Motel 6 Pittsburgh - Crafton
Travel Blogs from Pittsburgh
My alarm went off at 6am and I was glad that I arrived home before 10pm last night. I packed my suitcase and caught a cab to the airport. It was now 7am and the city was getting busy as it was the beginning of the morning rush hour.
I checked into the customs area and I was good to go to my departure gate. The flight was running late and I plenty of time to get some food and drink. The flight to Singapore took about 8 hours
... particular railway has served the residents and businesses of the Duquesne
Heights and Mount Washington sections of Pittsburgh. From the cars there are
great view out over the city.
By restoring and Utilizing two original 1877 cable cars, the Duquesne Incline is a working museum, with the upper station providing photos and displays on the history of the incline. Visitors can ...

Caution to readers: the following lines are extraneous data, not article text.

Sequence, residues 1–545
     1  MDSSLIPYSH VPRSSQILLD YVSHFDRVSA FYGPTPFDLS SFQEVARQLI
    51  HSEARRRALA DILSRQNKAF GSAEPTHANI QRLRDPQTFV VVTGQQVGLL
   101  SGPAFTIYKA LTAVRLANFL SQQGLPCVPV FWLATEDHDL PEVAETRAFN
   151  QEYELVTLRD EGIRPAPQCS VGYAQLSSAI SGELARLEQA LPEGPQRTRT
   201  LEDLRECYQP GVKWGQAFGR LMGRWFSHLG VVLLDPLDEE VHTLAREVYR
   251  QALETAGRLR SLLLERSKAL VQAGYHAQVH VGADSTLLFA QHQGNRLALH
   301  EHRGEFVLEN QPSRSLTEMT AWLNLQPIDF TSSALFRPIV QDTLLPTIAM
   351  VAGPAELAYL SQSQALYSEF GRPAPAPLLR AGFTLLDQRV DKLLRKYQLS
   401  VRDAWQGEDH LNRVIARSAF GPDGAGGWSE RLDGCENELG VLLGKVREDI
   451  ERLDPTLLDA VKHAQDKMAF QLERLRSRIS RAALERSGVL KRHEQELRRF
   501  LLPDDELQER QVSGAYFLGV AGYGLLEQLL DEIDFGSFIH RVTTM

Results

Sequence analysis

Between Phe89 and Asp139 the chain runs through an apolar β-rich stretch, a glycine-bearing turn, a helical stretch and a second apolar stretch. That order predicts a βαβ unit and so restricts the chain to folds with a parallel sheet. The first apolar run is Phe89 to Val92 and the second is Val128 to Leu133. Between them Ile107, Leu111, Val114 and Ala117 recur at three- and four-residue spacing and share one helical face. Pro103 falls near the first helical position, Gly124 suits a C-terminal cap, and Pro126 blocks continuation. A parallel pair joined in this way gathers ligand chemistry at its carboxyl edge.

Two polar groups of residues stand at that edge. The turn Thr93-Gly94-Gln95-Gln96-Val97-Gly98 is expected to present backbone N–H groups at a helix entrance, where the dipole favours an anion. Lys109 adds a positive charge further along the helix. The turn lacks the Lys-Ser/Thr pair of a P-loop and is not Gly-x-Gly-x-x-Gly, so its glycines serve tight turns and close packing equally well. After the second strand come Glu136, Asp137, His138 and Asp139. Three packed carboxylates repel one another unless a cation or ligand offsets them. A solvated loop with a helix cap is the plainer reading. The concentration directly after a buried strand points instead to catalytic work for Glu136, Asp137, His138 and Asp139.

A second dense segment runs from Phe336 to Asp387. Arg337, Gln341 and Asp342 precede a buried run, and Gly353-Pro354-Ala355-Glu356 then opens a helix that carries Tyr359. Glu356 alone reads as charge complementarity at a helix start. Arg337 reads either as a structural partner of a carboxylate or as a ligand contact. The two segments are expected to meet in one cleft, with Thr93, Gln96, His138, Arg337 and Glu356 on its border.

... road transportation becoming more important many businesses moved out of the area. The area is now in a resurgence (still a bit gritty though), resulting in new restaurants and small speciality shops having opened alongside the remaining wholesale businesses. At least 98% of the businesses are local to the area. We started in the courtyard of the Irish St. Patrick's Church. The church was a pretty standard to look at from the outside but it has a unique feature on the inside. ...
... or next year. I must seize the moment now or risk losing the window of opportunity altogether.
I have longer layovers than usual on this trip and for the first time in a long time, I don't have any big projects to work on. I plan on doing a lot of reading and evaluations of some manuscripts people have sent me. Other than that, this is a trip where I am devoting myself to showing my family a ...
... were used to carry passengers, particularly Mt. Washington residents who were tired of walking up footpaths to the top. As more roads were built on on the hill most of the other inclines were closed down. By the end of the 1960s, only the Monongahela Incline and the Duquesne Incline remained. In 1962, the Duquesne Incline was closed, apparently for good, But local Duquesne Heights residents launched a fund-raiser to help save the incline. It was successful and the ...
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